Photo by from1993
“If You Lost All Your Work” over at LifeHack asks the important question…what would you do if you lost your computer due to system malfunction or theft?
What would happen if you lost your productivity system?
While it’s an important question, it got me thinking. What would happen if I lost my productivity system? It’s happened before. In fact, the week I planned to launch the initial version of this blog, my PDA crashed completely. I was two weeks without PDA, and while I could access most things from my desktop, I couldn’t get everything. Nor could I get everything back, because the crash fried the card it was backed up to.
Paper, electronic…all at risk
You may be thinking to yourself, “I don’t have that problem, because I don’t use a PDA.” The sad truth is that every productivity system is at risk for catastrophic failure.
Paper systems can be lost, stolen, spilled on, decimated by animals or burnt. Web-based systems can be lost due to server failures or lack of Internet connection. PC systems can also be affected in the same way. PDAs can be broken or stolen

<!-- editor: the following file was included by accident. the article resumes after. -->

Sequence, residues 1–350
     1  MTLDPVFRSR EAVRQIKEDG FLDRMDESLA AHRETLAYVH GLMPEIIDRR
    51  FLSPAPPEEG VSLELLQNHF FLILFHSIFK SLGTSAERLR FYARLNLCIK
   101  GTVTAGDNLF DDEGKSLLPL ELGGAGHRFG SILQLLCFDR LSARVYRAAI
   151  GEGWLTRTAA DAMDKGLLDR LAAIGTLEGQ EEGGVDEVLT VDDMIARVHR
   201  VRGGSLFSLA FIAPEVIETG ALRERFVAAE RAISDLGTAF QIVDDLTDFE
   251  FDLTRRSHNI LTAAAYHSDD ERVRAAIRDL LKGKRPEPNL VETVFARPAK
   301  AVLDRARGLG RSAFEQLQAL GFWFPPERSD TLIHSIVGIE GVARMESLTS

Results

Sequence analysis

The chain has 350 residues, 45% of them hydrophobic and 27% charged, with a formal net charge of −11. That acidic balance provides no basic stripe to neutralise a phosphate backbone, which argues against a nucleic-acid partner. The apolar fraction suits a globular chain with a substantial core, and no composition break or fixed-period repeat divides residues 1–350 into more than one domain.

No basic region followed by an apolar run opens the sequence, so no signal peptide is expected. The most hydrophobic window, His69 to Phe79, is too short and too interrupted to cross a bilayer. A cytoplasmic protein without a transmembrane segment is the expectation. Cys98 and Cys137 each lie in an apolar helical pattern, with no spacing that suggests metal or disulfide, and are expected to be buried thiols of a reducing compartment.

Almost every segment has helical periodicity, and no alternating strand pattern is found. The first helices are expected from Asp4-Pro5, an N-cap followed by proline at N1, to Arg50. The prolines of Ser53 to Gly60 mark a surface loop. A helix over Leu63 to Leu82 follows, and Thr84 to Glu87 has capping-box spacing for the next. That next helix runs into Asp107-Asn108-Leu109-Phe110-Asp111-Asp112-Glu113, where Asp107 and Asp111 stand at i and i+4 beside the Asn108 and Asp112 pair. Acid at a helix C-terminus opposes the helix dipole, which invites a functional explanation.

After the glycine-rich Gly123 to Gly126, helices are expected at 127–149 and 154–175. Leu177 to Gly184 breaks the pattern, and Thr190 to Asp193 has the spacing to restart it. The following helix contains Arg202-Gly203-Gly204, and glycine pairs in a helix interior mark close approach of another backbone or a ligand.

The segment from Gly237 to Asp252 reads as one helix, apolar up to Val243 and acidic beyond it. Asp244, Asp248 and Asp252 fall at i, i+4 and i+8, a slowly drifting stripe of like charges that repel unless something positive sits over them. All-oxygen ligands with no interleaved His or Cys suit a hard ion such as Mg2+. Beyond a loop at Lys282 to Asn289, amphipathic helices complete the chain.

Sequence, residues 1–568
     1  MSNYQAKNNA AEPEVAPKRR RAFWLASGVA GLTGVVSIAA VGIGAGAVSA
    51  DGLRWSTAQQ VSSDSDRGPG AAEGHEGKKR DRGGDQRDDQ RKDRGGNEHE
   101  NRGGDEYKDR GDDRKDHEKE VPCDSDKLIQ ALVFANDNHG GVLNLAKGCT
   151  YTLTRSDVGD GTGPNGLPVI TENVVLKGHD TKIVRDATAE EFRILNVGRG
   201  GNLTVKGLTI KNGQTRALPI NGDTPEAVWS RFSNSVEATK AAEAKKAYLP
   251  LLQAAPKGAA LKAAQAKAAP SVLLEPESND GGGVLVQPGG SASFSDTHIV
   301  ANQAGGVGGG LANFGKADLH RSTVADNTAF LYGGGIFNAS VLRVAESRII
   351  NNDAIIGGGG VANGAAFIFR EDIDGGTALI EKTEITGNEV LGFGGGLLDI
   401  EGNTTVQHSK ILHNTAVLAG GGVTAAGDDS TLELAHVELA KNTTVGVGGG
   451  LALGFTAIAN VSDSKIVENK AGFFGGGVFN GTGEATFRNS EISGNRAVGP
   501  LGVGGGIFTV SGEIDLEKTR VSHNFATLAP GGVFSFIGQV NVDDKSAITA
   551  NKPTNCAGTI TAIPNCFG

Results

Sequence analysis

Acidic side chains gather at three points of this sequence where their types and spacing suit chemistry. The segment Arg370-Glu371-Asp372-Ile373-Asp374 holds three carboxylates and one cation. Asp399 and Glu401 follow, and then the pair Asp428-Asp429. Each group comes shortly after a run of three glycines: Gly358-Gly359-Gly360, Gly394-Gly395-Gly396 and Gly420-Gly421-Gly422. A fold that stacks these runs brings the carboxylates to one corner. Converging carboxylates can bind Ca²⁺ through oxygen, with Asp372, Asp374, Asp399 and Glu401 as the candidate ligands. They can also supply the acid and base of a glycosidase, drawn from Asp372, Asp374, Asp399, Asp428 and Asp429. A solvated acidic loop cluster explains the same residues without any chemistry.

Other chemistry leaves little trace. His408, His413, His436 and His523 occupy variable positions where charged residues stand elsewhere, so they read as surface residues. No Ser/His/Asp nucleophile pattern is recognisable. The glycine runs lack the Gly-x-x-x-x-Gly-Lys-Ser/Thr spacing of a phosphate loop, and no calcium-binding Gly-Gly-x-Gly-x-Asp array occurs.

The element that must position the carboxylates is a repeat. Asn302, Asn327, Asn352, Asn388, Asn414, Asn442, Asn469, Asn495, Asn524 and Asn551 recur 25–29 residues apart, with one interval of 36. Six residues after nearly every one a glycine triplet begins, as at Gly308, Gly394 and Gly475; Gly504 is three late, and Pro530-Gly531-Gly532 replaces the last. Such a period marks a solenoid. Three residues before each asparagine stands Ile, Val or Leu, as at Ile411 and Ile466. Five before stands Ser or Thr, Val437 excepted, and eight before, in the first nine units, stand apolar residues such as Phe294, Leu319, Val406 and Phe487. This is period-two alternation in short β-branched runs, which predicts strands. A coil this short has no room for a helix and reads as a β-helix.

Where is your fail-safe?
The question becomes how will you safeguard your information? There are numerous ways to do this depending on how you implement it. The common factor in a fail-safe is redundancy. That means you store a copy of your information away from your primary usage of it. When I used a PC-based system, my addresses and calendar were printed out, and backups of the hard drive stored off site. Web-based systems can be backed up on a PC somewhere. My PDA has information printed out, plus backed up to a card that is stored away from the device. (That was a hard lesson to learn, but I learned it).
What if I don’t have a backup and I lose the system?
This is a worst-case scenario, but it involves thinking about how quickly you can get the information back again. You must replace your system, set it up again, and get the information back.
Replacing the system might mean upgrades to equipment, rendering software unusable; or it might mean switching to a new service that doesn’t accept proprietary data formats. Any way you slice it, you are going to have some work to do.
The thing to think about is how would you move information? Is your information in a format that will move easily? Do you have access to the information through another means? What would happen if you couldn’t easily replace your binder/PDA/PC/web service? Consider these well.
Tomorrow…How to back up your Palm system
Tomorrow I am going to address specific ways to back up your Palm system to help in case of a catastrophic failure. Don’t make the mistake of thinking that Hotsync will do it for you!